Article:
There is no Zionism without Jerusalem (JERUSALEM POST OP-ED) By ILANA BROWN 05/21/12)
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This week celebrates 45 years since the reunification of Jerusalem
after the miraculous Six Day War. One of the most emotional documents
in the historical record is the audio recording of the paratroopers
entering the Lions’ Gate and arriving at the Western Wall.
The version of the recording available on the Internet has been
shortened but the original translated text is still available. The
radio broadcaster reports from within the walls of the Old City
describing his emotions upon reaching the stones of the Western Wall.
Soldiers recite the Shehechianu prayer. Rabbi Shlomo Goren sings El
Maleh Rachamim in honor of those who have fallen and in the recording
one can hear the soldiers’ heart-rending sobs. The shofar is blown
and Goren says that it is in this year that we are in a rebuilt
Jerusalem is part of the Jewish people in the same way that the heart
is part of the human body. It is not merely an organ that keeps the
body functioning. Without it there would be no life. The last line of
the Passover Seder calls for “Next Year in Jerusalem!” Before the
groom breaks the glass at his wedding he says “If I forget thee, O
Jerusalem...” When Jews pray, they face Jerusalem. Ethiopian Israelis
have chosen Jerusalem Day to commemorate the Ethiopians who died on
the long trek to Israel. The song “Jerusalem of Gold” is recognized
the world over.
The national anthem of Israel concludes with the line “To be a free
people in our land, the land of Zion and Jerusalem.” Both with
religious and secular associations, the list goes on and on.
The State of Israel passed a law in 1980 declaring that “Jerusalem,
complete and united, is the capital of Israel.” While not
internationally recognized as such, until the law is changed,
Jerusalem is the complete and united capital of the sovereign State
By law, by religion, by emotion, Jerusalem is the center, the core,
the heart of the Jewish people and the State of Israel.
Along with the idea of two states for two peoples, we are asked to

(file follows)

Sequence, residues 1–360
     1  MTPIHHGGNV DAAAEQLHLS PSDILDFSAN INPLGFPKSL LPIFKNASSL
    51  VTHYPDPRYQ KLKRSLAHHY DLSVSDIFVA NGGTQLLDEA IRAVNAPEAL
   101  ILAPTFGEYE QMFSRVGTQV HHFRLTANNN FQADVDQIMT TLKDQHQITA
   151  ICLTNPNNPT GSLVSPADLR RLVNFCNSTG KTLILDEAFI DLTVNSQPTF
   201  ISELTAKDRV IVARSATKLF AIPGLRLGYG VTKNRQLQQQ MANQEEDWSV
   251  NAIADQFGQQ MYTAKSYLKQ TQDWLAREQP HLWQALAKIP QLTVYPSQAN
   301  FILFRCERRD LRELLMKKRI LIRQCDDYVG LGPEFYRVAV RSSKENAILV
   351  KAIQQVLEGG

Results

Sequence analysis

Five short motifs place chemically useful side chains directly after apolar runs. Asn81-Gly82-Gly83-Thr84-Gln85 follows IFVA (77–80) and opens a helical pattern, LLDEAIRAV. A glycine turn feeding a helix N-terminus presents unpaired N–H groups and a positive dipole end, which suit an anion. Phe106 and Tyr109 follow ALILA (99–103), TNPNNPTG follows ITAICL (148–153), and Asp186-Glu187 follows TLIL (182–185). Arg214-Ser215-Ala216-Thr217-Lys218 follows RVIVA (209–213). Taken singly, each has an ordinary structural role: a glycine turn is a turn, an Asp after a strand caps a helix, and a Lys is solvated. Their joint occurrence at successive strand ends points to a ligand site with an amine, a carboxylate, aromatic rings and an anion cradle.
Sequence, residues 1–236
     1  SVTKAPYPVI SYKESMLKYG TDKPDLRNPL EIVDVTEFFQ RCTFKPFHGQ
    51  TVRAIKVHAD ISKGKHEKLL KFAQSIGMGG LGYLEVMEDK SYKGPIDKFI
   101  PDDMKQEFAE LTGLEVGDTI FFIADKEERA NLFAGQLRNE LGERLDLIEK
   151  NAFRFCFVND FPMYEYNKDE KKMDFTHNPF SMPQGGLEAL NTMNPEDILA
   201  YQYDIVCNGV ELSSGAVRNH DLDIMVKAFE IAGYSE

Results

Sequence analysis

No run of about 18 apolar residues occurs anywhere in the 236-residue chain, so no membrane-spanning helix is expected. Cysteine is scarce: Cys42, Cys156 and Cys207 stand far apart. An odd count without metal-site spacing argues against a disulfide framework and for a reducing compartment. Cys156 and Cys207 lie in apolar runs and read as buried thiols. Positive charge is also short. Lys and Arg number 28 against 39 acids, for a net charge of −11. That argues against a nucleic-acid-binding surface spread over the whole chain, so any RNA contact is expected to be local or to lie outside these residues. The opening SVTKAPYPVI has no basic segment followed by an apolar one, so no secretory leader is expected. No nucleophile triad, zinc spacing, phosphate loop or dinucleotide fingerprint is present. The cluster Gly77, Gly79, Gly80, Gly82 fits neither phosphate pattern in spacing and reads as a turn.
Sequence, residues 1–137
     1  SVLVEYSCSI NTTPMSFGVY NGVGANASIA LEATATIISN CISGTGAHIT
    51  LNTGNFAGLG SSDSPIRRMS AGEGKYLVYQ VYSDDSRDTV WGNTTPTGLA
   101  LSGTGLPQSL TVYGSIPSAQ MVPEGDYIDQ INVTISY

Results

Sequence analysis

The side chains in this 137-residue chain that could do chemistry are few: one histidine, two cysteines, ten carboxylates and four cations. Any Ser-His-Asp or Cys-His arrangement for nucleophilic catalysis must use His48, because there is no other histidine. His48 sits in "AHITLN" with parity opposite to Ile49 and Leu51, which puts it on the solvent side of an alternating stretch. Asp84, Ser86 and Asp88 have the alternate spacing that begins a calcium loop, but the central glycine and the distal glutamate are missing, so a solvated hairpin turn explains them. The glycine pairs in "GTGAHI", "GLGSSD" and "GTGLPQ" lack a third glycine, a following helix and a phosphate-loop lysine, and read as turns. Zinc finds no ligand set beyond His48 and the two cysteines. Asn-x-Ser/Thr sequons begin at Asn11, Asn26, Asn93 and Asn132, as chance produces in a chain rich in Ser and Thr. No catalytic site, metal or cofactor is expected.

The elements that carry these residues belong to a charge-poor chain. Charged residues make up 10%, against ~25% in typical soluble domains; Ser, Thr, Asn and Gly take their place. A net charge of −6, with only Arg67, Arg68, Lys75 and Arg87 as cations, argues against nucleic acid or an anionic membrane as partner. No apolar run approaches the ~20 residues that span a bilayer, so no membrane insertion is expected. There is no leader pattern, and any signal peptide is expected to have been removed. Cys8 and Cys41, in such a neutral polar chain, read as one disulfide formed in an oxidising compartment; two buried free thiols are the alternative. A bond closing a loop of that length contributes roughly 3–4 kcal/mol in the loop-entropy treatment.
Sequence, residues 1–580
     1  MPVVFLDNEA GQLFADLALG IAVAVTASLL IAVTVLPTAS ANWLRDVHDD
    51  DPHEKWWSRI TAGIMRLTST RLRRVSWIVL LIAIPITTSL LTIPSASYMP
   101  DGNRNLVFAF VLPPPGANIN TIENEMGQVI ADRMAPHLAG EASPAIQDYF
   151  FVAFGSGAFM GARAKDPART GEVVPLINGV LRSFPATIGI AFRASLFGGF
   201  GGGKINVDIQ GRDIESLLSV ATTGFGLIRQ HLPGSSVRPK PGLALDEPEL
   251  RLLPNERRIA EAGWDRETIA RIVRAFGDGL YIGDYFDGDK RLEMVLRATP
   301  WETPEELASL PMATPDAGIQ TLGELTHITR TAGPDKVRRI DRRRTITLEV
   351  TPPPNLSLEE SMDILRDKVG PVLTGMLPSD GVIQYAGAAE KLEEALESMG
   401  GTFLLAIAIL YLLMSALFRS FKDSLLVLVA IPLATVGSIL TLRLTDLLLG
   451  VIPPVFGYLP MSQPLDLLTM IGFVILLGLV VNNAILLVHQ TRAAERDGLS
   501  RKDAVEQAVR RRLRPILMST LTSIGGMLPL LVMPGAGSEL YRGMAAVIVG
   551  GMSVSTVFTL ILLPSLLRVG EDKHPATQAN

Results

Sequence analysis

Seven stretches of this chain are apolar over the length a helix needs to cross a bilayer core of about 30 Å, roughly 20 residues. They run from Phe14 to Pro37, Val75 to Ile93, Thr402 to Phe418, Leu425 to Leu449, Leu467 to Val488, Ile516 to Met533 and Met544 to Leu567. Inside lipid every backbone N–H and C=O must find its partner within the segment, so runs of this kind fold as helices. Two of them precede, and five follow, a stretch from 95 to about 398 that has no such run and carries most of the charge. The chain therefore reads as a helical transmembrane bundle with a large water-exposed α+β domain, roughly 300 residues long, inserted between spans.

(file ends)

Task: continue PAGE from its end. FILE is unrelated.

consider Jerusalem as the shared capital for these two states. We are
told that holding Arab-majority neighborhoods in east Jerusalem as
jailers is morally abhorrent. We are told that misguided Zionism has
turned us into overlords. It might be suggested that Jerusalem was
divided from 1948-1967 and it did not destroy the State of Israel or
substantially damage the Jewish people around the world.
I would suggest a different perspective and a different understanding
of the big picture. In theory, a shared capital sounds both fair and
logical. Even an international city sounds like a legitimate argument
for the status of Jerusalem. This would require Israel to change its
own sovereign law, divide its own capital city, compromise its own
religious feeling toward Jerusalem and limit its secular love of the
ancient city of Jerusalem.
Arab-majority neighborhoods are a different question. I propose that
this is a social issue, not a question of Zionism or even the status
of Jerusalem. Every major city in the world has less desirable
neighborhoods. Poverty and crime are more obvious. The police
presence there is greater. Classical Zionism tells us that the Jewish
people have a legitimate right to live in the historic land of
Israel. It did not provide a plan for a utopian society or even a
framework for solving societal ills. It is our responsibility today
to face these challenges, not to delegitimize our own existence or
undermine the idea of Zionism.
From the year 70 CE, when Jerusalem fell to the Romans, until 1967,
the city was not under Jewish control. And yet, Jews around the world
continued to yearn for Jerusalem – not for Tiberias, not for Safed,
not for Hebron. In 1948, when the Jewish state was established and
immediately plunged into a war, the infant state was not able to hold
Jerusalem. But still the people yearned for Jerusalem. And finally,
when the paratroopers entered the Old City on June 7, 1967, religious
and secular alike were awed by their achievement.
Lt.-Gen. Mordechai “Motta” Gur, commander of the force in the Old
City, a secular, native-born Jerusalemite, declared “The Temple Mount
is in our hands! I repeat, the Temple Mount is in our hands!” He did
not say “The Old City” or “The Jewish Quarter.” Rather, his Jewish
heart told him that the important thing was the Temple Mount; the
Temple Mount was in our hands.
When a people fulfill a dream, a 1,900-year-old dream, how does that
people abandon it and give it to someone else? How does one give up
even part of that dream? Zionism tells us that we have a legitimate
right to have a state in our historic homeland. The heart of our
homeland is Jerusalem. We need not apologize for advocating for our
right to the Zionist dream, nor for fulfilling that dream.
So on this Jerusalem Day, imagine a Jewish homeland in Uganda, or in
Alaska, or in Madagascar. Why does a Jewish homeland anywhere else
seem hollow and empty? The answer is Jerusalem.
The writer lives and works in Jerusalem and volunteers for Im Tirzu.
(© 1995-2011, The Jerusalem Post 05/21/12)
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